Life on the “surface” of a droplet – Chilodonella (ciliate) 

If you ever wonder about our life on this “little” blue planet – you soon realize this is a small little round world; and you can go in any direction but you always come back to the same place. Live on a surface of a sphere has its funny sides too – you never reach the edge and so have an endless track to walk on. 

Today, I want to share a recent data set I collected of a ciliate trapped on a droplet of “cytoplasmic” droplet. Something I am very excited about and pursuing seriously. It’s fascinating in a million ways – here is a ciliate that is trapped on the surface of a droplet – so it’s world is the surface of a tiny little drop of water. 

Friends, If you followed my last posts on “Mother’s Day flowers” – you know how I got the same. Also; I use the same “Foldscope focus locking” technique to image and just a simple table lamp as light source. So if you have a Foldscope; you should be able to get this resolution videos with the same. 

The ciliate we have at hand is a Chilodonella. It’s a common ciliate and often confused with Tetrahymena. But in this video; not only will you see it from the top but also from the side view – since it moves in a three dimensional trajectory on the surface of a droplet sphere. Without further delay – here is the video. 

Here is another video of the same – slightly zoomed out. 

What you are seeing are multiple ciliates; but a few of them are trapped and “surfing” a droplet of water. After this first experiment, I have been able to replicate this work and indeed I am pursuing this more deeply as a scientific study now. More on that in a later post – but I will highlight a few important observations:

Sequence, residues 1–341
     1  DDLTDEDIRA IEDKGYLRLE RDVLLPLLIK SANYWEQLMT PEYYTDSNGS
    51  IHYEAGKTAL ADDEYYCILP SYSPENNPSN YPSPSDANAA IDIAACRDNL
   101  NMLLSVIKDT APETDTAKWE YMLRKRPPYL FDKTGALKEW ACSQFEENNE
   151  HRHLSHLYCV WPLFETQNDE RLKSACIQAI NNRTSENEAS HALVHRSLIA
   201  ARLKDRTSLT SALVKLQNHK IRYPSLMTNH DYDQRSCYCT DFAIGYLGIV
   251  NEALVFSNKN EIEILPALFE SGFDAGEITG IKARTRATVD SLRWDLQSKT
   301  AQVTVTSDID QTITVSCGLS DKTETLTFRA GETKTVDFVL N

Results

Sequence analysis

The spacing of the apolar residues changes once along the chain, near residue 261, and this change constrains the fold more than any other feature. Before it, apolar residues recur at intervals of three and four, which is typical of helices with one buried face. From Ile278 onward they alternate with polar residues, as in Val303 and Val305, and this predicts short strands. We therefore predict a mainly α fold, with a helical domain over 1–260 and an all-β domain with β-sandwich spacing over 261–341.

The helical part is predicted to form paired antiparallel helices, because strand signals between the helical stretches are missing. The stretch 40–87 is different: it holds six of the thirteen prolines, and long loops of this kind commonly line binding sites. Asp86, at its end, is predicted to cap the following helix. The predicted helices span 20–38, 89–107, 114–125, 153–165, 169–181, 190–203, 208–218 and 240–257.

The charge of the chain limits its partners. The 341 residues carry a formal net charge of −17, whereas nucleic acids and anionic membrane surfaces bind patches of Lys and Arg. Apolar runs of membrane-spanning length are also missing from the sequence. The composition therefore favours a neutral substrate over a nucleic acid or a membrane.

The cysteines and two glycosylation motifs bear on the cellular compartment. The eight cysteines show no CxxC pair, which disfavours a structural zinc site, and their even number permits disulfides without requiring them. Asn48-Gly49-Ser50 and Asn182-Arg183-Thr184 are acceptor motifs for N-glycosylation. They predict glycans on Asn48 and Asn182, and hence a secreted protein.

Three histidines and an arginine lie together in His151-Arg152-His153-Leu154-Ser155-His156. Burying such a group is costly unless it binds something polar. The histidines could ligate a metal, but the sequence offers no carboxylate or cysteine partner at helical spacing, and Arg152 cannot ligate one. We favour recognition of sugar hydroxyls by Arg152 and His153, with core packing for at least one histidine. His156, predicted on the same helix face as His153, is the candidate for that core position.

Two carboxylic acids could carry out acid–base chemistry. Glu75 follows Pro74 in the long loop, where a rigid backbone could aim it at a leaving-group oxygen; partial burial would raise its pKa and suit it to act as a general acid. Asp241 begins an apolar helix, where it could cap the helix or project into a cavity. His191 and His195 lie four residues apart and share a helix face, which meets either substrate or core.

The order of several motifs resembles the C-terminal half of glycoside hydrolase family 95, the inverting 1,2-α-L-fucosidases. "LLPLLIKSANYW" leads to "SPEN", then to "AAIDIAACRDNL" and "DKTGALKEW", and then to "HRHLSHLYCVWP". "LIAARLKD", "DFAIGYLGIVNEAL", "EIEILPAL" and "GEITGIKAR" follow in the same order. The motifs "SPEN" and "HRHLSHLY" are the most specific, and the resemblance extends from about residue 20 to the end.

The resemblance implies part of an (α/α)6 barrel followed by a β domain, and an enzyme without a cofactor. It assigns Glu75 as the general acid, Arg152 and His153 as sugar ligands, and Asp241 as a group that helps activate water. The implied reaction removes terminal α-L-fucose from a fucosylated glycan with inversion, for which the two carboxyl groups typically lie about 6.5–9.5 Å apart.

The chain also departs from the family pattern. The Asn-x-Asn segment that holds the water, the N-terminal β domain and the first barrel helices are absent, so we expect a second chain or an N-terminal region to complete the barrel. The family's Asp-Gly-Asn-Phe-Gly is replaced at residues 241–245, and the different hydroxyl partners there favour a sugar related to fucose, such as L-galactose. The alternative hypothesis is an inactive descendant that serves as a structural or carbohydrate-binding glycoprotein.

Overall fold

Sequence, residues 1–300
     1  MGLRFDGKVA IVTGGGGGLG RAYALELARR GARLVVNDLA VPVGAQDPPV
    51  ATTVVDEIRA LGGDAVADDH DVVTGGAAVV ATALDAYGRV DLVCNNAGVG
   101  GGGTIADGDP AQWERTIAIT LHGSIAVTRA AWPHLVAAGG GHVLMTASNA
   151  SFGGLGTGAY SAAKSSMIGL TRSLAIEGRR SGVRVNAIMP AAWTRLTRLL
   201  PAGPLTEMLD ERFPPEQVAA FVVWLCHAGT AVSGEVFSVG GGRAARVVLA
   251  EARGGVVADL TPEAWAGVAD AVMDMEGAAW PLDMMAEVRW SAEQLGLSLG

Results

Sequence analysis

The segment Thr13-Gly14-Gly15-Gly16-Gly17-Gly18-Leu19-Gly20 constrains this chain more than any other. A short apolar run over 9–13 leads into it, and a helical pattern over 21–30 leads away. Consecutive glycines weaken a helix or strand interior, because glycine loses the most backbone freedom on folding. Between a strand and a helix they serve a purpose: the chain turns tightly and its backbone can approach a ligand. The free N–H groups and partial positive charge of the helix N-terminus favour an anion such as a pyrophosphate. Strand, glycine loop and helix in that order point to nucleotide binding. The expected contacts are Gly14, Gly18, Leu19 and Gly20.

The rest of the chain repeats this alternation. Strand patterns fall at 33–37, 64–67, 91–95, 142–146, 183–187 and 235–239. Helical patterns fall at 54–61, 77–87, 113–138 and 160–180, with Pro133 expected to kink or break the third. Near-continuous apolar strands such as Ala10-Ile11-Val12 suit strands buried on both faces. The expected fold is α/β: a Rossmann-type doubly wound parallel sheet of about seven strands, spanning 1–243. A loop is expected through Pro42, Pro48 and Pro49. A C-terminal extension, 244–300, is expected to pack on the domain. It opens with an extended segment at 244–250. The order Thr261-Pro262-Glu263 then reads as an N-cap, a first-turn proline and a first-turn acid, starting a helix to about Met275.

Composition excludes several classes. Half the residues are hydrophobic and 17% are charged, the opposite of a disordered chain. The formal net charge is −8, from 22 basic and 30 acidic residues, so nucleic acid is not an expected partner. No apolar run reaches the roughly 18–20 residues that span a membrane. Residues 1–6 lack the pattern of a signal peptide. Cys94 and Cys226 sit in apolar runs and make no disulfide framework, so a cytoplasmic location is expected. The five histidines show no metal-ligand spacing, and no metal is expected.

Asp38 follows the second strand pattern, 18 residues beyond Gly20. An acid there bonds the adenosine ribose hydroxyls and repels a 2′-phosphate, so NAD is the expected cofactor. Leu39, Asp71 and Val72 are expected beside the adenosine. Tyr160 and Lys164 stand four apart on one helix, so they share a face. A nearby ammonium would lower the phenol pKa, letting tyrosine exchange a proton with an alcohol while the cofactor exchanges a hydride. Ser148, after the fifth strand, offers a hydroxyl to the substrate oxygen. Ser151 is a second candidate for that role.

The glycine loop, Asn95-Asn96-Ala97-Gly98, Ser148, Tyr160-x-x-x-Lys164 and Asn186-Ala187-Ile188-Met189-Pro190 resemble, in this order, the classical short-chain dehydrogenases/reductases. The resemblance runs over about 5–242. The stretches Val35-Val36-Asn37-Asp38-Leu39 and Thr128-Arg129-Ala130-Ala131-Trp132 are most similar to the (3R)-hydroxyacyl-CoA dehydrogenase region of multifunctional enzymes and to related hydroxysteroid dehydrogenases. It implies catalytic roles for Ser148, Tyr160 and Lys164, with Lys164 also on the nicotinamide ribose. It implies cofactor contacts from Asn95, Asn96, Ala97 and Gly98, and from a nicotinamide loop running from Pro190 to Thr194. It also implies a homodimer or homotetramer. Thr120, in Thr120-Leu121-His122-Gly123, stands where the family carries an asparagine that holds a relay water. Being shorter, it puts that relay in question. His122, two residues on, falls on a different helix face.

1) the technique allows me to see the entire 3D structure of the ciliate. 

2) this will not work for all ciliates; but only the one that actually interact with surfaces. 

3) here the droplet is actually “cytoplasm” of another ciliate. This is the fluid filled inside a ciliate – and when they die; a little droplet is ejected out. Here is another video of cytoplasmic droplets – oozing out of ciliates; although I will make a detailed post again on the same. 

4) the ciliate is covered with dense cilia on on surface; shaped like a turtle and crawls along on all kind of surfaces. This locomotion strategy is fascinating. 

With this series; I am starting to plan experiments that focus on single cells. If you are excited about studying single cells using a Foldscope; please leave a comment below. 



4 Comments Add yours

  1. Cristina says:

    These videos are superb!!! If I am not wrong, some Streptococcus can be seen too! Are you using high mag lens ? If they interact in the cell’s cytoplasm, then what we see in the left can be the nucleus?

  2. laksiyer says:

    @Manu. You get the most amazing clarity. Every part of your field of view is well focused. What a fascinating observation about the droplet. I wonder if the ciliates are scavenging for resources on the cytoplasmic droplet. I cant wait to read what would happen with tons of droplets. Now you could make droplets filled with different goodies. Macromolecules, DNA, ATP, glucose. What might happen?

  3. laksiyer says:

    @Manu. BTW were you able to culture the Mother’s day ciliate ?

  4. Matthew Rossi says:

    @Manu, the most fascinating thing about this to me is the dimensionality of the ciliate. The ways slides are so often presented and the creatures we look at appear in the scope, the dimensions they occupy are so often washed out by our process that the microcosmos seems to be occupied by two dimensional things. But they’re not, of course, and this way of viewing them shows us their full shape.

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